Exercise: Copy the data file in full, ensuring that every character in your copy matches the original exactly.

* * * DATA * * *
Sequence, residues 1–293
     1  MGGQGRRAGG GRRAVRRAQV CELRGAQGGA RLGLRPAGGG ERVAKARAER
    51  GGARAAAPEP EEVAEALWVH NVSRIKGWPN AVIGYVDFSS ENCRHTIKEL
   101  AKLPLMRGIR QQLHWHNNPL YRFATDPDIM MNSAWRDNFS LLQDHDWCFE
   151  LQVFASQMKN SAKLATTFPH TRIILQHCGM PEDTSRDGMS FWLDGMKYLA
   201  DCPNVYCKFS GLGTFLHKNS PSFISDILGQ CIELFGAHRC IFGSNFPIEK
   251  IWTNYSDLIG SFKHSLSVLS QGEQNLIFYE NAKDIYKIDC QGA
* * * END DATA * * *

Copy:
Sequence, residues 1–293
     1  MGGQGRRAGG GRRAVRRAQV CELRGAQGGA RLGLRPAGGG ERVAKARAER
    51  GGARAAAPEP EEVAEALWVH NVSRIKGWPN AVIGYVDFSS ENCRHTIKEL
   101  AKLPLMRGIR QQLHWHNNPL YRFATDPDIM MNSAWRDNFS LLQDHDWCFE
   151  LQVFASQMKN SAKLATTFPH TRIILQHCGM PEDTSRDGMS FWLDGMKYLA
   201  DCPNVYCKFS GLGTFLHKNS PSFISDILGQ CIELFGAHRC IFGSNFPIEK
   251  IWTNYSDLIG SFKHSLSVLS QGEQNLIFYE NAKDIYKIDC QGA